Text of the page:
The Foreign Office civil servant who was cleared of charges under the Official Secrets Act for leaking documents to the New Statesman and The Observer is suing the Government department claiming unfair dismissal.
Derek Pasquill, who was first arrested in January 2006 and suspended from his job, was accused of leaking documents about Government policy on extraordinary rendition and radical Islam.
He was cleared of all six charges in January this year and the Foreign Office accepted that his disclosures had not caused damage.
The Foreign Office dismissed Pasquill on the grounds of gross misconduct on 21 August this year. Pasquill’s lawyer said he will be issuing proceedings in the Employment Tribunal claiming that he was victimised for making public interest disclosures.
Pasquill is issuing proceedings under the Public Interest Disclosure Act 1998, which protects public interest whistleblowers against victimisation.
The documents and memos he was alleged to have leaked – relating to the Government’s attitude to secret rendition flights and radical groups such as the Muslim Brotherhood – were given to current New Statesman political editor Martin Bright, who at the time was working for The Observer.
Pasquill’s lawyer, Shah Qureshi of Bindmans, said Pasquill disclosed the relevant documents in the belief that the public had a right to know about what he felt were policies that undermined the “fight against terrorism”.
Qureshi said: ‘Derek Pasquill feels that he has been backed into a corner by the Foreign and Commonwealth Office’s belligerent stance.
“He made his disclosures in good faith, with no benefit to himself. As a result, he has been subjected to criminal prosecution, stigmatisation and the loss of his livelihood for doing what he thought was ‘the right thing’.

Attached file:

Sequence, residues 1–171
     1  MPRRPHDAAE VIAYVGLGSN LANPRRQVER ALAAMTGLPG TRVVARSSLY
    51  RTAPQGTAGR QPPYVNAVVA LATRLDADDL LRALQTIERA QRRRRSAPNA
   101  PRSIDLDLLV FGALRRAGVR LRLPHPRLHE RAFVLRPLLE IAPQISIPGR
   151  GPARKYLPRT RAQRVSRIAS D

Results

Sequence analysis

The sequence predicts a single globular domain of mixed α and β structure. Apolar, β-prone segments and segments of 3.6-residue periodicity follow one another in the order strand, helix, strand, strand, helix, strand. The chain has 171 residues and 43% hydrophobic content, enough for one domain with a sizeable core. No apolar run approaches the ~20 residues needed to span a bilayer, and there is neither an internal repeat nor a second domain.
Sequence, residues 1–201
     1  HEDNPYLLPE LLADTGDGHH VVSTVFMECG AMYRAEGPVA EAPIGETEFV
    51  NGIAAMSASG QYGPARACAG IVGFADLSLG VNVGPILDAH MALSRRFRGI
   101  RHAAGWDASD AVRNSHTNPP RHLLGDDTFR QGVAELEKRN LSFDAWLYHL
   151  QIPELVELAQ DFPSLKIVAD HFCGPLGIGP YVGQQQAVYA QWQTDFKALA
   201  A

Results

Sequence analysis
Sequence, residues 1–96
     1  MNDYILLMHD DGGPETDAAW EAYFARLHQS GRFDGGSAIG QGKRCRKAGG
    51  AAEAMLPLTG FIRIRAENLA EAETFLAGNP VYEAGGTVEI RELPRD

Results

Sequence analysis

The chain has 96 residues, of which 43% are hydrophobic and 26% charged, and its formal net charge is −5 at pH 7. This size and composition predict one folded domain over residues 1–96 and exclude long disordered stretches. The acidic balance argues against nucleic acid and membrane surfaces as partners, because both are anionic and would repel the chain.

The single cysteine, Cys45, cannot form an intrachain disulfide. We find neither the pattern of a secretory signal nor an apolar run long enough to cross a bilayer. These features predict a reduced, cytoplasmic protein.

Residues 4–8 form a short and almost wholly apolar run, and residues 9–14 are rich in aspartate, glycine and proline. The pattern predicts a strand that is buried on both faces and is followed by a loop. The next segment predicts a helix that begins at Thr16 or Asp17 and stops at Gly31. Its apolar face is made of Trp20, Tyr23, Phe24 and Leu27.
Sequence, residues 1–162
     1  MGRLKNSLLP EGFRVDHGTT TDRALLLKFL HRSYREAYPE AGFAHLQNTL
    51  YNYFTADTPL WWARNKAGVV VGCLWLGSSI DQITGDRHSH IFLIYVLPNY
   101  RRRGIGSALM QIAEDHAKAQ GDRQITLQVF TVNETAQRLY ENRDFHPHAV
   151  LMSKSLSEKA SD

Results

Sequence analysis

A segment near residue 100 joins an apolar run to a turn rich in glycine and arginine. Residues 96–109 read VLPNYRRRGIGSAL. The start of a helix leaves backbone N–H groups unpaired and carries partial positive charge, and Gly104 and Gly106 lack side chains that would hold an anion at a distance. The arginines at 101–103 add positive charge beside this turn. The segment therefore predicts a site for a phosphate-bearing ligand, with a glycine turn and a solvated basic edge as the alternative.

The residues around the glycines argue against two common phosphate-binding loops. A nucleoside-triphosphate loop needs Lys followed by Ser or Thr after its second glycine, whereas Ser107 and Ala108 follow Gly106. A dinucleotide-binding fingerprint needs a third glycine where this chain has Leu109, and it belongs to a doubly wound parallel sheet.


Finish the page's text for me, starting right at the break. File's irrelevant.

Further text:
‘He will be issuing proceedings under the Public Interest Disclosure Act 1998 which was introduced to provide public interest whistleblowers with protection against such victimisation.
“Nevertheless the door remains open for the FCO to engage in meaningful discussion.”
Following the collapse of the case against Pasquill, the New Statesman called on the Government to launch an inquiry, arguing that the failure of the case called into question the future of the Official Secrets Act.
The leader, written by now departed editor John Kampfner, said: ‘It was apparent to us from the outset that charging Mr Pasquill under the Official Secrets Act was nothing less than an abuse of state power, designed merely to spare the embarrassment of some ministers.
‘Tactics appeared designed to intimidate anyone in the civil service who has reservations about dangerous policy, and who might be minded to expose it in the public interest”.
A spokesman for the Foreign Office declined to comment on the legal threat, but said that Pasquill has been ‘dismissed for gross misconduct for serious breaches of internal rules and procedures”.
He added: ‘It is therefore a separate matter from the failed criminal prosecution under the Official Secrets Act”.